Her Campus Logo Her Campus Logo
The opinions expressed in this article are the writer’s own and do not reflect the views of Her Campus.
This article is written by a student writer from the Her Campus at UCD chapter.

I used to tell people that “I hate movies” because “They’re too long” and “I don’t have the time or energy to sit through that.” My friends helpfully—and somewhat sardonically—pointed out that if I dedicated as much time to watching movies as I do to binging TV, being on social media, or generally surrounding myself with white noise, I could probably watch a movie for each day of the year. Thus, ever since the cultural phenomenon that was Barbenheimer, I’ve made a pact with myself to develop my film literacy. Now, I genuinely enjoy watching movies and analyzing aspects of them I previously might have ignored—cinematography, costuming, and most interesting to me, score. Whether I’m studying, taking a walk, or just need something new to listen to, I can rely on movie soundtracks to keep my mind occupied while listening to a story. The following is a brief list of some of the best scores I’ve listened to this year.


Oppenheimer’s score is Oscar winning, and for good reason. It is light and airy against a bleak storyline, filling each scene with energy, tension, and a paradoxical grace. Composer Ludwig Göransson told Vanity Fair that scoring Oppenheimer was emotionally difficult, as he was constantly taking himself along the same internal journey as the protagonist in order to “embolden what he’s going through.” The perpetual violin juxtaposed with the listener’s presumed knowledge of the storyline makes Oppenheimer’s score a stunning listen.

Poor Things

Another Oscar-nominated score, Poor Things blew me away with its uniqueness. The floaty, mind-bending motif present throughout aids viewers in understanding Bella and her childish view of the word. Poor Things is Jerskin Fendrix’s debut film composition, making his accomplishments, both on-screen and via nominations, truly exceptional. The Poor Things soundtrack will blow you away and make you appreciate daring one-of-a-kind scores.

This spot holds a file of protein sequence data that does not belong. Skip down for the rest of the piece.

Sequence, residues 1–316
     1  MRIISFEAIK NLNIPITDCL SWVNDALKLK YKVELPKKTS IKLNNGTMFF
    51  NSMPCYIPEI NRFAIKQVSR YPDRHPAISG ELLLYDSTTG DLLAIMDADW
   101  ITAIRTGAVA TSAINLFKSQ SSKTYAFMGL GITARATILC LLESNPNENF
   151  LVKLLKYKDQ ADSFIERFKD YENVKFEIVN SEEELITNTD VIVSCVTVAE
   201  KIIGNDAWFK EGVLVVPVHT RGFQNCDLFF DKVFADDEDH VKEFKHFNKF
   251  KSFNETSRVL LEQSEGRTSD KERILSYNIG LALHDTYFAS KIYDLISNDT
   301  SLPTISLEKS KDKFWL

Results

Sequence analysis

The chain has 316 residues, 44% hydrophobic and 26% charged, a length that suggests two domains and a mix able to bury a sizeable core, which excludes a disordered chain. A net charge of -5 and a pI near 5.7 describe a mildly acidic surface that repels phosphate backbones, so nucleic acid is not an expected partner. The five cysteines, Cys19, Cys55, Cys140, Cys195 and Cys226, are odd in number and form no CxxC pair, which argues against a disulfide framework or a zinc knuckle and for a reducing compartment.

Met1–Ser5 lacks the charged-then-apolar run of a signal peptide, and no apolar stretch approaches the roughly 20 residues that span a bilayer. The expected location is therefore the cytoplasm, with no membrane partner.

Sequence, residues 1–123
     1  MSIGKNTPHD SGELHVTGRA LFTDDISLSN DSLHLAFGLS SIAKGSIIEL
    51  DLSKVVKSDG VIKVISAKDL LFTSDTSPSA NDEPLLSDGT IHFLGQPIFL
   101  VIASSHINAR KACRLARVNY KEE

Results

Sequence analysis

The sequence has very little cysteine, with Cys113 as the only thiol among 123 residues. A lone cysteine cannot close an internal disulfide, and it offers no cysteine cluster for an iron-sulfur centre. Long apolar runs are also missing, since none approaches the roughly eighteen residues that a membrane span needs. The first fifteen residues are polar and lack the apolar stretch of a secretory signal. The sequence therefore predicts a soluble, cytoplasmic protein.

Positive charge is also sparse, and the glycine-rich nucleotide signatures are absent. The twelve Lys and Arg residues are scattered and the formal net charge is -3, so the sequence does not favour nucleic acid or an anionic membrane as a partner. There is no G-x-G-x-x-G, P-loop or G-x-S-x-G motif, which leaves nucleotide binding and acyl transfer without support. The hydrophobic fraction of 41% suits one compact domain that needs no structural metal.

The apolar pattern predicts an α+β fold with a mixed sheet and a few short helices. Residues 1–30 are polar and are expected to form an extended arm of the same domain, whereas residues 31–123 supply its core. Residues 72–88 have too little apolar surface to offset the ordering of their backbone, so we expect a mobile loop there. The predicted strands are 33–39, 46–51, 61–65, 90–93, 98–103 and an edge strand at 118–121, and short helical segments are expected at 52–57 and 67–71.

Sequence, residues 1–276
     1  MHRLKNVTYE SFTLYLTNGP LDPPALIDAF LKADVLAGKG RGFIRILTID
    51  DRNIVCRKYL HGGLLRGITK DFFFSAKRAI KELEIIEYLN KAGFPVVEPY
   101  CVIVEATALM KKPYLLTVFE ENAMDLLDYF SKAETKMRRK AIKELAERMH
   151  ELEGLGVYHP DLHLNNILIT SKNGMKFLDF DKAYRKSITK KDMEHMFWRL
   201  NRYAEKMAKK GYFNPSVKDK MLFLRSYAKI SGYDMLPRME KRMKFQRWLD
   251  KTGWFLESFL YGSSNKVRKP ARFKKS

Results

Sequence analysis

Yet another soundtrack nominated at the Oscars, Minari is a 2021 film scored by Emile Mosseri. Despite never having watched Minari, I am incredibly swayed by its delicate score. Mosseri encapsulates feelings of wonder, comfort, and newness in his compositions; I could listen over and over, still moved by the magic (Mosseri also wrote the score for Kajillionaire, of which fans of Poor Things might enjoy “Bubble Beat”). In a way, the composition influenced the film more than the production process would usually allow: Mosseri composed the Minari score before any scenes had been shot. The soundtrack’s charm and elegance leaves the listener delightfully nostalgic.

Even if you haven’t seen these three films, their scores are worth the listen. Not only will they transport you to a different world, but exploring film music is a fun way to engage with a movie without having to watch it (if you’re lazy like me!). I hope to discover more composers, films, and scores that can satiate my hunger for a unique sound; soundtracks are an under appreciated, passionate music genre that should be praised more often.

Erika "Kiki" Gedgaudas was born and raised in Los Angeles and is now studying English at UC Davis. They are a musician, writer, baker, and perpetual daydreamer.